24 September 2008

On why PEGI is worse than the BBFC... for everyone.

Kotaku ran a story where they pointed out that the BBFC freely gave an interview but a PEGI representative required a positive spin on any article written for their publication. Now, this guy may only be a PR zealot but i felt that it was my duty to outline why PEGI taking over the UK ratings industry (and the whole of the EU) would be detrimental to the industry... i posted this in the comments on kotaku but i hadn't posted on here in a while.... plus this was mostly in a consultancy questionnaire that i filled in for the Byron report (anyone can answer the questions - though it did take me 3 and a half hours to complete!)


Okay i'm in the UK but i'm neither biased either way because i want the system that is best for both consumers and developers/publishers. Having the BBFC rate games at 15+ and 18+ is the best solution. I don't agree with them rating games at a lower level because it isn't required.

Basically, the BBFC do a more thorough investigation into the games submitted to them than PEGI do and thus this probably costs more. On the upside, this protects developers and publishers from litigation from the (stupidly uninformed) public due to lack of knowledge of game age ratings (BBFC use film ratings which are universally known whereas PEGI ratings still cause confusion in the UK public).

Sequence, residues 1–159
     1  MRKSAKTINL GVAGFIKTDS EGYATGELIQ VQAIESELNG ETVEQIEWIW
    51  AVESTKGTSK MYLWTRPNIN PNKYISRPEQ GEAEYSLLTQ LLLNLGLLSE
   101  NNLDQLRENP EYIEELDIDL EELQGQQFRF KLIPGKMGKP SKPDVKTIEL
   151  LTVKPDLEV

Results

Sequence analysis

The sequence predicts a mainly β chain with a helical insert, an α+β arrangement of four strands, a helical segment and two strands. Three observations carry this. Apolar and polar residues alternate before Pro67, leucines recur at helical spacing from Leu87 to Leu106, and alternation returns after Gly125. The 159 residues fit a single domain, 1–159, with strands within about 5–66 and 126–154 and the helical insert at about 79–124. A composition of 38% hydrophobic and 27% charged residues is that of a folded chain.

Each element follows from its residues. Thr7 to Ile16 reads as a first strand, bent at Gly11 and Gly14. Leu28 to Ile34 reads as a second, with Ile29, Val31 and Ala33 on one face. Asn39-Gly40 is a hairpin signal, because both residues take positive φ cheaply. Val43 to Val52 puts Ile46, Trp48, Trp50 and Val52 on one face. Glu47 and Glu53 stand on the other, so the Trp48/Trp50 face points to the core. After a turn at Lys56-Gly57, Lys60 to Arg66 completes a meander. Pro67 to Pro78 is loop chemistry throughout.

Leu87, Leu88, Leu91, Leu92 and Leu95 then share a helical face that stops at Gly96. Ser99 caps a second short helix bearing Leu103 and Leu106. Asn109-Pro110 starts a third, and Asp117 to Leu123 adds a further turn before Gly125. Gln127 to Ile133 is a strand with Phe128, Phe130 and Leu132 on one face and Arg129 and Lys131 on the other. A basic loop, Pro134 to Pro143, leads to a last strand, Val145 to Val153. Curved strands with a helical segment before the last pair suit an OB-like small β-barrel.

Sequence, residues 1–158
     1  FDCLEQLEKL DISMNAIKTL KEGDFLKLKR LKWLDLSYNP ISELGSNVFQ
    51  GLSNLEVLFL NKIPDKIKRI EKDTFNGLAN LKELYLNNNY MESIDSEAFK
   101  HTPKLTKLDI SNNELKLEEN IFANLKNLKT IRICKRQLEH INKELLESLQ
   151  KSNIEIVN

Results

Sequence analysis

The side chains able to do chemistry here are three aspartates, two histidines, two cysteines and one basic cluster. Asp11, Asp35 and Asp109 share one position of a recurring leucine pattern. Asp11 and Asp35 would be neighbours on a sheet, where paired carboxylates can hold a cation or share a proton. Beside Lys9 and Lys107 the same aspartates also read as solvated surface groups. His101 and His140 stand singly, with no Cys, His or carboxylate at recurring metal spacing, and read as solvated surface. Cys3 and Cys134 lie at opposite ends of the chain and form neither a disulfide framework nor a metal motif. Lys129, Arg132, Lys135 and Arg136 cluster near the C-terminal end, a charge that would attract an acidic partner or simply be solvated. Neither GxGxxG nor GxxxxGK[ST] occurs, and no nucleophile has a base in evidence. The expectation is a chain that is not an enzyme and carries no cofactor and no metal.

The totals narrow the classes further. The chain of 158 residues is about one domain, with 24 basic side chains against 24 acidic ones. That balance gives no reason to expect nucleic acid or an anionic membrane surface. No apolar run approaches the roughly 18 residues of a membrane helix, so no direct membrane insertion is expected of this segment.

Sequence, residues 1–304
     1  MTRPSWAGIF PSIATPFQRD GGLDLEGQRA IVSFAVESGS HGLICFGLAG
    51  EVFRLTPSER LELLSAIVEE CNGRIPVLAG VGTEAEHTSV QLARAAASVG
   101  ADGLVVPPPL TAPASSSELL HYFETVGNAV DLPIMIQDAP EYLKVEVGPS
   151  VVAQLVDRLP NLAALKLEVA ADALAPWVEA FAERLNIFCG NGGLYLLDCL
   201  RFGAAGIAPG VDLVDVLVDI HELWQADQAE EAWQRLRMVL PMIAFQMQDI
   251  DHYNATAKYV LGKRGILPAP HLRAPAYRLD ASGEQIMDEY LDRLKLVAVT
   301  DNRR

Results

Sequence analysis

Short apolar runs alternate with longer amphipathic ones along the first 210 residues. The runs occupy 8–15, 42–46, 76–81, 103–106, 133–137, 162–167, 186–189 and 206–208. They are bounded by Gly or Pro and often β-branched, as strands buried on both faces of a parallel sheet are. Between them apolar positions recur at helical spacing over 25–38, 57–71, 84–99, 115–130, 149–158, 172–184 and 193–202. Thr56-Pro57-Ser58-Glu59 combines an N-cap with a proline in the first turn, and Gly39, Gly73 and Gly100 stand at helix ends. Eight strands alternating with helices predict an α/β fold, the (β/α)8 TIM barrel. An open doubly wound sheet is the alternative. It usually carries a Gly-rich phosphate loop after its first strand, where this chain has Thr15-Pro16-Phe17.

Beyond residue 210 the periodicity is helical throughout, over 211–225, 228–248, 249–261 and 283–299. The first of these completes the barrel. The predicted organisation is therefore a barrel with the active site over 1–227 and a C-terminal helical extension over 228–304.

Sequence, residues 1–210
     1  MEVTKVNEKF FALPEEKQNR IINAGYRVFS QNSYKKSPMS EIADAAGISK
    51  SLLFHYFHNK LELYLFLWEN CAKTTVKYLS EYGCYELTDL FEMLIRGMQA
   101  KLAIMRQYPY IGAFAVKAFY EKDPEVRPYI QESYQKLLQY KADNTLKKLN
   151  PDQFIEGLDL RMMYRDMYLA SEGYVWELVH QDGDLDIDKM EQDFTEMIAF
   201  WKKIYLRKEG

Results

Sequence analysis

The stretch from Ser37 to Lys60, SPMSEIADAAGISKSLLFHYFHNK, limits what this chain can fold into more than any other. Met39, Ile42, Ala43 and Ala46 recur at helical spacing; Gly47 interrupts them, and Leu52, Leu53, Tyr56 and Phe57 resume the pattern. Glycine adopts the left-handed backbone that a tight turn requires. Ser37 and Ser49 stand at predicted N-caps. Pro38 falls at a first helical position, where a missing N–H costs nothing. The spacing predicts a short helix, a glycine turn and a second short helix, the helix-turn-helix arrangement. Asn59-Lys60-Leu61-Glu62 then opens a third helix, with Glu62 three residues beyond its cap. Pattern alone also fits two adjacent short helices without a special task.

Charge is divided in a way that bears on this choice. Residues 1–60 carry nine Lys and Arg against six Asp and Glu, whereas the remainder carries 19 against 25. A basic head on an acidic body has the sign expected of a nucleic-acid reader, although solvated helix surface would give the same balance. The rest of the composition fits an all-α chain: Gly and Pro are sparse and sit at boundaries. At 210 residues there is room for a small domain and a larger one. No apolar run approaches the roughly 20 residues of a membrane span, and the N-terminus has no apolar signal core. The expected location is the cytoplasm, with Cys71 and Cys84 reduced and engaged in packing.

ELSPA sold out many years ago because they are an industry sponsored association (like the RIAA). They want what is cheapest and easiest for the developers publishers - which (debatably, because they require a separate certification process for each console version of a game - regardless of content variations or lack thereof) would be PEGI. However, this only takes into account the ease of acquiring a rating and not of being protected by law in the country that a game is sold in.

Back to why the BBFC is better for the industry than PEGI. The BBFC rate games at a lower age rating than PEGI do. Look at any game that the BBFC rates and you'll find that they rate only the most violent games at 15 and 18 age brackets. A game like Call of Juarez is a 15 game for BBFC but is 18+ for PEGI. Half Life 2 is 15 for BBFC but 16+ for PEGI. There are other examples too - especially notable where PEGI rates a game at 16+ but the BBFC does not deem a rating to be required at all.
Now, this may be considered a black mark against the BBFC because they could be said to allow more violent content to reach the consumers. Or you could take it the other way and think that PEGI actually restrict and censor more games than the BBFC do. Which some people may think is a good thing... but there is a further argument to be made:

The BBFC's rating exposes a game to a larger audience: meaning that there is a larger proportion of the population who can legally buy a game thus providing the potential to be more profitable.

Now... why do people want PEGI to be the de facto ratings body in Europe again? Remember, we recognise that a monopoly in many other areas is a bad thing... perhaps a monopoly in this area is bad too.

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